Nearly 17 years have passed since Batman & Robin. The George Clooney Apology Tour should be able to pull over, and take a rest. The actor has gone on to become a distinguished director, and he even picked up two Oscars for Syriana and Argo (which he produced). But Batman & Robin will always be Clooney’s albatross, and he continued to atone today.
George Clooney took part in the Tomorrowland panel at New York Comic-Con, where he entertained the crowds, protected the films’ mysteries, and made jokes at the expense of his failed Batman movie. According to ScreenRant, Clooney admitted that there are still, to this day, two things he feels he needs to apologize for, and he does it all of the time. He said:
I just met Adam West there [referring to behind the NYCC main stage] and I apologized to him. Sorry about the nipples on the suit. Freeze, freeze, I apologize for that."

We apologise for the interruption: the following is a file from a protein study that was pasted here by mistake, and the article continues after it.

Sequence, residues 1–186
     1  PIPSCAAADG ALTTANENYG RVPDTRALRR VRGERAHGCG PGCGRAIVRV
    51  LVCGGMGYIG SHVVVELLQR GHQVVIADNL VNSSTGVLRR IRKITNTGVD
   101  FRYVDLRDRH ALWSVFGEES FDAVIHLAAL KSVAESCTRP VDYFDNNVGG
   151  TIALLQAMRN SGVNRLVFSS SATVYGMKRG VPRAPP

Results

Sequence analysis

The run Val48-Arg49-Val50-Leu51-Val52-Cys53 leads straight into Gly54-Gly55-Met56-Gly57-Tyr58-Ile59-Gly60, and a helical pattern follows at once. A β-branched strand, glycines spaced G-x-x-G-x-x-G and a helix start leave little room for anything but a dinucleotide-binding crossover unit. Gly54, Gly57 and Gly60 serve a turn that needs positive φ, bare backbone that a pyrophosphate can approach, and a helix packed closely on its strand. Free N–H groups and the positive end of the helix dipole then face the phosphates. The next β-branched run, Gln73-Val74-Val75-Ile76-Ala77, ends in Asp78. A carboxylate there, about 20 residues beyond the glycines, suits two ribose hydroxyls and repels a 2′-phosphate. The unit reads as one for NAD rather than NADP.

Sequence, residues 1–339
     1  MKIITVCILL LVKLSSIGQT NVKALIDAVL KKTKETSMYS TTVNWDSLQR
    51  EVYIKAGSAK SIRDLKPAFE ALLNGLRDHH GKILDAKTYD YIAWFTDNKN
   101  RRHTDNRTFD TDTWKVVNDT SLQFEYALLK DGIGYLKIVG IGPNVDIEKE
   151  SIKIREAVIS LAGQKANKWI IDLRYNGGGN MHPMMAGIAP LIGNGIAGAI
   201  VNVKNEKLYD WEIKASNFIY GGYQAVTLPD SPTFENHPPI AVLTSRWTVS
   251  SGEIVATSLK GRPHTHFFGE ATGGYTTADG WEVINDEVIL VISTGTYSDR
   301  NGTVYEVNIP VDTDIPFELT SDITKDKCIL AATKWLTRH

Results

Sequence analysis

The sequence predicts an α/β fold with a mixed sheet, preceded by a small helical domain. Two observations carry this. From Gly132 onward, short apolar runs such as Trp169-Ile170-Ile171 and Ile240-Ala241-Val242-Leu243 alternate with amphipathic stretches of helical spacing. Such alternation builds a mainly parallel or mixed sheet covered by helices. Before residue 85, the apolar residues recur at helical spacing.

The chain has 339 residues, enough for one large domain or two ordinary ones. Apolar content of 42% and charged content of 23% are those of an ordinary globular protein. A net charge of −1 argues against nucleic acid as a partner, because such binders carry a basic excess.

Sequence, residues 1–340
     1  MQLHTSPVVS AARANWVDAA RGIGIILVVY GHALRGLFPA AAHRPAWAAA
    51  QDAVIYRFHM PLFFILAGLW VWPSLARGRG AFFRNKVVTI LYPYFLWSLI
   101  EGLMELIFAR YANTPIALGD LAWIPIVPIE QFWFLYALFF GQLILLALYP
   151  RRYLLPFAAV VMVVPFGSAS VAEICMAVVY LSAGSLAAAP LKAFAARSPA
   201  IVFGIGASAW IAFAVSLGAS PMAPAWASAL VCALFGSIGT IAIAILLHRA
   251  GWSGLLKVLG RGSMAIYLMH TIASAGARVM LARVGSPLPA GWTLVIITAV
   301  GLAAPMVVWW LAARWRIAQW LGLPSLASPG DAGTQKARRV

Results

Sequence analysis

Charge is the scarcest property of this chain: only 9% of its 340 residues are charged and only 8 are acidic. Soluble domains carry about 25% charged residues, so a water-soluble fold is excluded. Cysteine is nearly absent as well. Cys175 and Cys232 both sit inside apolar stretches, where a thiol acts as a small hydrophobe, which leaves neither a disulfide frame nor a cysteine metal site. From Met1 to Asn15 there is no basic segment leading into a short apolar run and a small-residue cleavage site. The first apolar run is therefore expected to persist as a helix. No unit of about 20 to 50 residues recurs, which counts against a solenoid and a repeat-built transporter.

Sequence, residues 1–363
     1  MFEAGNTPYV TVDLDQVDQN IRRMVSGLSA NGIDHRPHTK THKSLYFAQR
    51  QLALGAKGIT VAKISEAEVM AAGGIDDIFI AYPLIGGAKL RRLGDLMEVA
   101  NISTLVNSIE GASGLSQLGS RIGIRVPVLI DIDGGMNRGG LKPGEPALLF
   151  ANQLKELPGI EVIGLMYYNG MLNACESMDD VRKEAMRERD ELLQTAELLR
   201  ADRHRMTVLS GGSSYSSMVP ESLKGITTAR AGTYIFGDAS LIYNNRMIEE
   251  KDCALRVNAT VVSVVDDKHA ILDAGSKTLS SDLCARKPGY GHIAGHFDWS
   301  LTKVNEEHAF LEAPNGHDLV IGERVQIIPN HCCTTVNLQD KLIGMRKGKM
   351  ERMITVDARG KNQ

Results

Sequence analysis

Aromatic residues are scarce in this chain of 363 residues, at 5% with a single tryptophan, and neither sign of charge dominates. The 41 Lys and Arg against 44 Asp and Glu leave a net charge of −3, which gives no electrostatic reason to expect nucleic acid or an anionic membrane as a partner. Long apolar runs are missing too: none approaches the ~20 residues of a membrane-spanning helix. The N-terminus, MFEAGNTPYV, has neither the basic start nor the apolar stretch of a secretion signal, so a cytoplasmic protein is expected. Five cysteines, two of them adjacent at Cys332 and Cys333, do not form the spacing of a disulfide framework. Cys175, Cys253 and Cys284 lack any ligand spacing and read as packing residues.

Clooney is the king of self-deprecating humor. The few times I’ve been lucky enough to speak with him, he always pokes fun at Leatherheads, his period comedy. Why? Because he shot it in my backyard -- in Charlotte, NC – and Clooney never lets me (or himself) forget that it underperformed.
The Batman & Robin jokes are well-deserved, though. People might forget that before Christopher Nolan, director Joel Schumacher plunged the infamous DC hero into a garish, cartoonish nightmare of neon and puns meant to sell more toys to little kids… at the expense of the hero’s legacy. Remember the incessant "ice" jokes in Schumacher’s last Batman film?
And it’s probable that George Clooney didn’t have the clout at the time to just say to Schumacher, "Yeah, the Batsuit can't have nipples."
Thankfully, at this point, all is right with the world. Batman had three successful films under Christopher Nolan. And he’s about to have a rebirth as part of Zack Snyder’s Batman v Superman: Dawn of Justice. But Clooney will never fully remove that stain from his resume. And the fact that it’s there, I believe, inspires him to make better choices, to choose smarter projects, and to have endless amounts of comedic material when he’s facing an audience of forgiving comic book fans.